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In Contrast to Hard News

Saturday, I leave for Hawaii.  It's a business trip, I swear.  I love it when conferences are scheduled in cool places, and when I can take Dev with me.  My parents will be there as well, which is a fact more cool for Dev's sake than mine, really.  Dev and my father will spend a week doing pretty much whatever they want while my mother and I spend a goodly number of hours seminar-ing.  (I do, however, have two days free for playing.)  I've nearly finished packing.  I'm not going to have much use for sundresses and shorts--let alone an evening dress--in the next few days.

Fellow VPXV alum jazzfish recently discussed personal hinge points, considering what a single different decision in the past would have changed.  He points out something important: the decisions made were the best that could have been made at the time.  (He has other cool things to say, too, so read the whole post!)  His comments made me think differently about my own hinge points, particularly the one I think most affected the course of my life.

In high school, I wanted more than anything to be an actor.  I'd performed in community and regional theaters since the age of nine and, by my late teens, had discovered I loved Shakespeare.  My parents thought theater was a great hobby and a terrible career.  When I wanted to audition for Oregon Shakespeare Festival, they showed me how I couldn't support myself on an actor's stipend.  When I had the opportunity to audition for Cal Arts, they told me they wouldn't give me the financial support I'd need were I accepted.  My high school guidance counselors supported their stance.

Not knowing who else to ask, and lacking the confidence to find other sources, I accepted the view I'd be better off keeping theater on the side while establishing a "real" career.  So I worked in the corporate world and dinked around with community college classes that never led anywhere.  And I worked in theater--non-equity, but stipend paying--until I became pregnant with Dev and moved from California to Indiana.  At that time, theater didn't match up with the kind of parent I wanted to be, so acting became something I once did.

In retrospect, the fact I didn't pursue professional acting might have been life-saving.  Had I ever been fortunate enough to succeed, I may well have been profiled on Celebrity Rehab or some such because the same traits that made me afraid to grab after my dream would have left me vulnerable to addiction, to being used and controlled by others.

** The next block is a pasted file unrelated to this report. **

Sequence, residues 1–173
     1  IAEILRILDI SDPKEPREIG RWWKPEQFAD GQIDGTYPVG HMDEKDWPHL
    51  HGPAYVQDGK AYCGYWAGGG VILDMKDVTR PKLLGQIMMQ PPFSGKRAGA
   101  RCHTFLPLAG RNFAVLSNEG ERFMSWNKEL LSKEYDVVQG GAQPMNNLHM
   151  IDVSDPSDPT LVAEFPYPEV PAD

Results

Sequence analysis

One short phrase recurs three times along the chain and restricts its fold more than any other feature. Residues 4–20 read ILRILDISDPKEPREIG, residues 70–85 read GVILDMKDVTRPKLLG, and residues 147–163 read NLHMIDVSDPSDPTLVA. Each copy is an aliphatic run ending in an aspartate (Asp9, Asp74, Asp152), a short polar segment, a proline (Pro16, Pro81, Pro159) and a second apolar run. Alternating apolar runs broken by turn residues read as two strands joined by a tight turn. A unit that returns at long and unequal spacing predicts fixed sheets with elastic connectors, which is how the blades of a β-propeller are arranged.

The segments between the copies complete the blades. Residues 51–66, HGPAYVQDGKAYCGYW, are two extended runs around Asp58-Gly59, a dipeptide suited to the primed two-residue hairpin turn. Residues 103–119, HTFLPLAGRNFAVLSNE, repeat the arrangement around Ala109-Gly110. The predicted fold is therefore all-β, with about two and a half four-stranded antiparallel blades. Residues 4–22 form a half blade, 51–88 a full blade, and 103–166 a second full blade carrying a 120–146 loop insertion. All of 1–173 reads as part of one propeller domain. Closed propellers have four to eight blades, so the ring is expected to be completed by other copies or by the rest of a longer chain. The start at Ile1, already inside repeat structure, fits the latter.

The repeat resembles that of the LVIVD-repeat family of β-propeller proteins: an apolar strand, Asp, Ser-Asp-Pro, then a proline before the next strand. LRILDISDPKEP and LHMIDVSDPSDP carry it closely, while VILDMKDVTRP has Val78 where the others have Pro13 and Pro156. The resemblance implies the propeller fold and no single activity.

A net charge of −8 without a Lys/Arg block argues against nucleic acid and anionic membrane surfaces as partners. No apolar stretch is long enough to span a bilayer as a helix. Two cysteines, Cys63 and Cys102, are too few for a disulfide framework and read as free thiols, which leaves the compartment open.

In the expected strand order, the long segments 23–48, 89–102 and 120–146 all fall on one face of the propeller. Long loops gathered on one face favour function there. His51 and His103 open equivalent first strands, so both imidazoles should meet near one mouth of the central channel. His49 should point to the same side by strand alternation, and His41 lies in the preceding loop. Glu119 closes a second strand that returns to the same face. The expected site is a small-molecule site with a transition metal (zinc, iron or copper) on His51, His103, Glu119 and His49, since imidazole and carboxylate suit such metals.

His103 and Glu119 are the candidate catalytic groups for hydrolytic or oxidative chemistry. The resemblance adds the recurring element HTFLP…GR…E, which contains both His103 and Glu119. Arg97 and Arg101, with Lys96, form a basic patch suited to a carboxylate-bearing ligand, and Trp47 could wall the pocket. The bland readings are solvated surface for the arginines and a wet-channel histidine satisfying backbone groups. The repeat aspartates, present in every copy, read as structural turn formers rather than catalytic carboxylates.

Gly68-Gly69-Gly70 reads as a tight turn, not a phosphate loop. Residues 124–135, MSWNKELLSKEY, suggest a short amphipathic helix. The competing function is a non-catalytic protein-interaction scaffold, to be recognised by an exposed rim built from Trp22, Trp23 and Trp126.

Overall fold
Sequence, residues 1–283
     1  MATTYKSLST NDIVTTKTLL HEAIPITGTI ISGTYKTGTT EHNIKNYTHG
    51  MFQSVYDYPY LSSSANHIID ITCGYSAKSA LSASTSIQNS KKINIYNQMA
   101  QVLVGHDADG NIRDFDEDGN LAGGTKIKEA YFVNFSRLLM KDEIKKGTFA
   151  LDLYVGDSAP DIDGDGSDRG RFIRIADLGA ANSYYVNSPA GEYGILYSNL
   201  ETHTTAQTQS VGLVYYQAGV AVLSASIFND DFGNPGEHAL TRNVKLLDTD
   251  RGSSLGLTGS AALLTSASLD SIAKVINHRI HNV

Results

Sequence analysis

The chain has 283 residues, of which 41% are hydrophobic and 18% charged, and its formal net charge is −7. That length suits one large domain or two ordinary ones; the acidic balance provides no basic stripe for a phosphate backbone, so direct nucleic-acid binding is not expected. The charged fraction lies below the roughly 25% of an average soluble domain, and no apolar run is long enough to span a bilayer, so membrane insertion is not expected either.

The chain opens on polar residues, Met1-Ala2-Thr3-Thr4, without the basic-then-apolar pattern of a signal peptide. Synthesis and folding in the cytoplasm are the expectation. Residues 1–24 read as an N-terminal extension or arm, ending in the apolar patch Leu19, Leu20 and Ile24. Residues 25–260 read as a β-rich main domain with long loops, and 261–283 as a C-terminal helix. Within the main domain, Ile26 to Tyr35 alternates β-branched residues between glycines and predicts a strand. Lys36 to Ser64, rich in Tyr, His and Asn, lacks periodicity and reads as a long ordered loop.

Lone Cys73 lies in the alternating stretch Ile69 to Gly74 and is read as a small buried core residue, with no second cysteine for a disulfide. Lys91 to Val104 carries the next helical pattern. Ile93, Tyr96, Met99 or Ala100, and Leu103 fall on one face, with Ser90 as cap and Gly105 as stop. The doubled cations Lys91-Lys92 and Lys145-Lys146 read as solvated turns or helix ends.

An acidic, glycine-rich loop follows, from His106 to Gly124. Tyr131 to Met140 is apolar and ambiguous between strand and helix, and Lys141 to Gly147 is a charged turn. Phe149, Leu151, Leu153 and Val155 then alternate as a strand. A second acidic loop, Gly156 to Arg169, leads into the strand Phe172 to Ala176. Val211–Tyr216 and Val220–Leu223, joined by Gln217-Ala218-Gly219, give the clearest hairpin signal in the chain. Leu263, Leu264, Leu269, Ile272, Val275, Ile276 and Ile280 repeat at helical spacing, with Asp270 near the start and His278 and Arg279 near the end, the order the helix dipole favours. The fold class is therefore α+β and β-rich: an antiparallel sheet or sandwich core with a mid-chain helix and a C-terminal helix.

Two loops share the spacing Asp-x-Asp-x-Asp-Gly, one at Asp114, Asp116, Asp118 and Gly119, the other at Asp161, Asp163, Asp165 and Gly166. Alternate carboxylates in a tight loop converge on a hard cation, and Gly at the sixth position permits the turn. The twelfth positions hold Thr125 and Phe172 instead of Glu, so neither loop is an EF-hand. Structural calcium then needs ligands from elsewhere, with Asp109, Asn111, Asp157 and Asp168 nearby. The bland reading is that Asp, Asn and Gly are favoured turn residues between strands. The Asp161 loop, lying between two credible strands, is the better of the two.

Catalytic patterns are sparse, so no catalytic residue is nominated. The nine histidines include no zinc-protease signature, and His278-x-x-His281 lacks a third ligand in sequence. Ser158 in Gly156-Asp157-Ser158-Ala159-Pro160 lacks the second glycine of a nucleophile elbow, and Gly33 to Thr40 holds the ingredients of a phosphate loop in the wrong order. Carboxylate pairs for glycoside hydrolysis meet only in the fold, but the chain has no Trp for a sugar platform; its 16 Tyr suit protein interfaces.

So today, it isn't the decision I regret.  Rather, I regret the person I was, and the self-imposed limitations that lasted well into my thirties.  Though I worked hard to be the best at my endeavors--mostly writing, by that time, as well as teaching workshops and seminars--I didn't work hard to succeed at them.  Success was risky.  Competence, and following well-trod pathways, was secure, as if life should be lived by the Goldilocks theory of "just right."

Training in martial arts, in an environment both supportive of growth and demanding of excellence, changed me.  Limitations were to be overcome, either through strength or adaptation.  "I can't do that" had to be followed with "yet" or "exactly that way."  Better yet was the line, "I don't know how to do that."  I had mentors who had once shared my doubts and fears, and who were willing to share their strategies.

Living on my own, responsible for raising my son, changed me.  I could either transfer my doubts to him, through word and deed, or try to live as an example of how I hoped he would live his life.  His goals and aspirations are not always what I would choose for him, but I support him and help him find people who know more about them than I do.  I don't want to be the one putting limits on him.  There are too many challenges to leading a happy, fulfilled life as it is.

Caring for Dev's father in the final stages of cancer changed me.  I could have encouraged him to be a patient at a palliative care facility rather than choose for us all to move in together.  But by that time, I wasn't quite so afraid of my failings and weaknesses--even the ones I didn't yet know existed.  I found I'd grown strong enough to be an advocate, going toe-to-toe with medical teams over their advice and decisions.  I found I could walk up to death's door with a person, and not fall apart or run away when the experience turned gruesome.  As a result, I'll be doing some work for hospice organizations in the coming years.

Attending Viable Paradise changed me.  The professional and personal nourishment helped put my priorities in order and--perhaps most importantly--led me to realize my past is indeed my past.  Who I once was is not only no longer who I have to be, but no longer who I am.

Doubt and fear and anxiety are expected.  So is moving forward despite them.

So perhaps my true hinge point wasn't when one path was chosen over another, but when I understood why that path was chosen.  Maybe the truer one was when, once aware of the why, I opted to do differently.

In other news, my VP wall story is still out there.  I've past the "You can query after..." date, but decided not to bother until the trip is over.  If I did submit it incorrectly, and my waiting thus far has been in vain, another couple weeks isn't going to make a difference.


( 1 comment — Leave a comment )
Feb. 28th, 2012 10:09 pm (UTC)
You are such a strong lady and awesome person.

Have a safe trip. I hope you enjoy your free time.
( 1 comment — Leave a comment )


Blair MacGregor

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